Mo. governor makes more cuts to higher education

By DAVID A. LIEB

Associated Press

JEFFERSON CITY, Mo. (AP) — Missouri’s public colleges and universities took another budget hit Friday from Gov. Jay Nixon, marking the third straight year that higher education institutions have seen their basic state aid reduced.

Nixon announced nearly $9 million in cuts for colleges and universities while signing Missouri’s $24 billion budget for the fiscal year that starts July 1. He cited concerns about state revenues, including whether the Missouri Lottery will generate enough new money to meet the expectations set in the budget. For the second straight year, Nixon also cited expenses from last year’s deadly Joplin tornado and other disasters while describing the need to cut other state programs.

The Democratic governor said he believes the budget passed by the Republican-led Legislature is $50 million out of balance. Yet Nixon made just $15 million in cuts Friday, explaining that he believes the economy has been getting better and adding that he will re-evaluate the need for more cuts later.

“It’s what I believe is the fiscally prudent thing to do at this point for our state,” Nixon said.

If circumstances improve, it’s also possible some funding could be restored.

The cut to higher education amounts to 1 percent less than the roughly $850 million colleges and universities expected under the budget. But when combined with previous cuts, institutions will get 12.4 percent less — or about $120 million — than in the 2009-2010 school year.

They could have lost nearly twice that much. When Nixon presented a budget plan in January, he recommended a $106 million cut to higher education institutions for the 2013 fiscal year. He later softened that by tapping a portion of Missouri’s expected revenue from a national settlement with mortgage lenders. Lawmakers then wiped out the rest of Nixon’s proposed higher education cut by making reductions to other programs and shifting money around in the budget.

“Frankly, a 1 percent reduction, while not what we would have chosen, is positive news” compared to Nixon’s original proposal, said Brian Long, director of the Council on Public Higher Education in Missouri.

But Long added: “Higher education has never been generously funded in the state of Missouri, in my opinion, and consecutive years of budget reductions — if this continues — is really not sustainable.”

House Budget Committee Chairman Ryan Silvey said the cut shows “this governor is absolutely hostile to higher education.”

Nixon countered: “I fully support higher education in Missouri,” citing increased funding for college job-training efforts.

In contrast to the cuts to higher education, Missouri’s public elementary and secondary schools will get a $5 million increase to their core funding of $3 billion. Nixon said that is a record amount of money. But it is also $437 million short of the amount called for by the state’s school funding formula.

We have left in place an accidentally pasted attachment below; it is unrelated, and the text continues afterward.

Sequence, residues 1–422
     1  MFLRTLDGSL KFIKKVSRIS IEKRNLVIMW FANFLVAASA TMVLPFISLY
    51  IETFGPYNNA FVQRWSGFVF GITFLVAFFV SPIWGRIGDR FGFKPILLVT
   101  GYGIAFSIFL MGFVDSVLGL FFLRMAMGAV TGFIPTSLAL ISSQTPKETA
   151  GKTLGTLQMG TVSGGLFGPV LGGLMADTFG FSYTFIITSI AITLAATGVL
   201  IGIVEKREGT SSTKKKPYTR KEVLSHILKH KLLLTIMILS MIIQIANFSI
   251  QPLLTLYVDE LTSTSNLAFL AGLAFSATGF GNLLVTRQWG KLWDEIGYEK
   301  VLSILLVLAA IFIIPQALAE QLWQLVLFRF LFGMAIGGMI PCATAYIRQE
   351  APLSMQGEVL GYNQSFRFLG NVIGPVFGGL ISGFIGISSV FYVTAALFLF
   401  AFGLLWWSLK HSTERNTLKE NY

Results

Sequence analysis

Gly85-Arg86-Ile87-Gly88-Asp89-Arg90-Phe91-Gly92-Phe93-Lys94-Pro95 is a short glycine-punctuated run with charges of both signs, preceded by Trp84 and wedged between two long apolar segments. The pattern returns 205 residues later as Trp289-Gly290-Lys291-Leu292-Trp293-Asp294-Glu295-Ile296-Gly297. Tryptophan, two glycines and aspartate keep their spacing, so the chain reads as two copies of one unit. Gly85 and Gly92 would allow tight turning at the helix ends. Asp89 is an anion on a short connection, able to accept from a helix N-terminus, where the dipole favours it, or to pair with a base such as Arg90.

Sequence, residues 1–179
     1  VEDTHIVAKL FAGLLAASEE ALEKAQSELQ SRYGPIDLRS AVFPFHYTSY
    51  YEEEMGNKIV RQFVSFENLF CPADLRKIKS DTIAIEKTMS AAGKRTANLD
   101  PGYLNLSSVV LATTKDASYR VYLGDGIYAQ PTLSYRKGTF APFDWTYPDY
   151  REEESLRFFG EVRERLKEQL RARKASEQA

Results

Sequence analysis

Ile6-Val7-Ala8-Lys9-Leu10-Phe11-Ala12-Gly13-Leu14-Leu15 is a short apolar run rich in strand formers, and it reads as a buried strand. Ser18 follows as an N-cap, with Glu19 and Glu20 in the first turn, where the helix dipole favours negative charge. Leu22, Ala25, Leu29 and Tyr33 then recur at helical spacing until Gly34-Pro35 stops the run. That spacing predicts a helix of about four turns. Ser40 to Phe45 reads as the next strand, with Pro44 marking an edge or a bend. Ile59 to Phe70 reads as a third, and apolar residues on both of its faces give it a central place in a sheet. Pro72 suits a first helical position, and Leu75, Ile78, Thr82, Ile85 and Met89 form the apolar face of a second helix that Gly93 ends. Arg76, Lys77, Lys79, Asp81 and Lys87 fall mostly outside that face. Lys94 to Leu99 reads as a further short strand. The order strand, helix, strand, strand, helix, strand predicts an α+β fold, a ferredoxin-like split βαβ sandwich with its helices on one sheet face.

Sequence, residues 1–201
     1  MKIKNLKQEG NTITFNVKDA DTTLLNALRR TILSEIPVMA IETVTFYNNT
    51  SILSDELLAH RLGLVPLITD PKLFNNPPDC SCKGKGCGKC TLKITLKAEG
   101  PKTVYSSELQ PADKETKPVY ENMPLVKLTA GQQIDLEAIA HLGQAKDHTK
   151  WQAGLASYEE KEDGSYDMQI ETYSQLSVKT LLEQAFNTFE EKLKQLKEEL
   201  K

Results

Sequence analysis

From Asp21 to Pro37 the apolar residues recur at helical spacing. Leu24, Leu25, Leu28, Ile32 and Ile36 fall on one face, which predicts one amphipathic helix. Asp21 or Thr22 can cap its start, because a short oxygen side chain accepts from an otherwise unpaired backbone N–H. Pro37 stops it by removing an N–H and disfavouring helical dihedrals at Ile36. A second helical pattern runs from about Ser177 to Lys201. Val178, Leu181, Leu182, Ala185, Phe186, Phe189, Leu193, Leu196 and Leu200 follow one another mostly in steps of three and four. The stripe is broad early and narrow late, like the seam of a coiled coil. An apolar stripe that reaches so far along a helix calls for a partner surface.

Among other things, the 2013 budget includes a 2 percent pay raise for all state employees earning less than $70,000 annually. But it also eliminates 956 full-time employee positions compared to the current year.

While announcing his cuts, Nixon criticized several spending reductions made by lawmakers, including to early childhood programs. He said additional cuts were necessary because of three reasons — uncertainty over whether the Lottery can generate an additional $35 million; the potential for $12 million in lost revenues due to various tax breaks passed by lawmakers; and disaster recovery expenses that are likely to be $11 million more than budgeted by lawmakers.

Silvey, R-Kansas City, took particular issue with Nixon’s concerns about Lottery revenues, asserting his administration had signed off on the assumption when lawmakers were crafting the budget. Nixon declined to say Friday whether that was true, instead calling it “a very rosy estimate.”

Besides the cuts to higher education, most of Nixon’s reductions are to new initiatives or to existing programs that had been slotted for funding increases. For example, he axed a new $1 million initiative aimed at employing teachers in “underprivileged” city school districts and a $100,000 pilot project intended to help lower-income working parents by more gradually easing them off subsidized child care as their incomes rise.

Many of Nixon’s cuts were for relatively small amounts when compared to the budget as a whole. For example, he withheld $10,000 for a character education program. The Missouri Eating Disorder Council, created under a 2010 law, had its initial funding cut last year by Nixon. This year, Nixon cut just half of the $75,000 lawmakers allotted for the council, which his budget director said should provide enough money for the council to get going.

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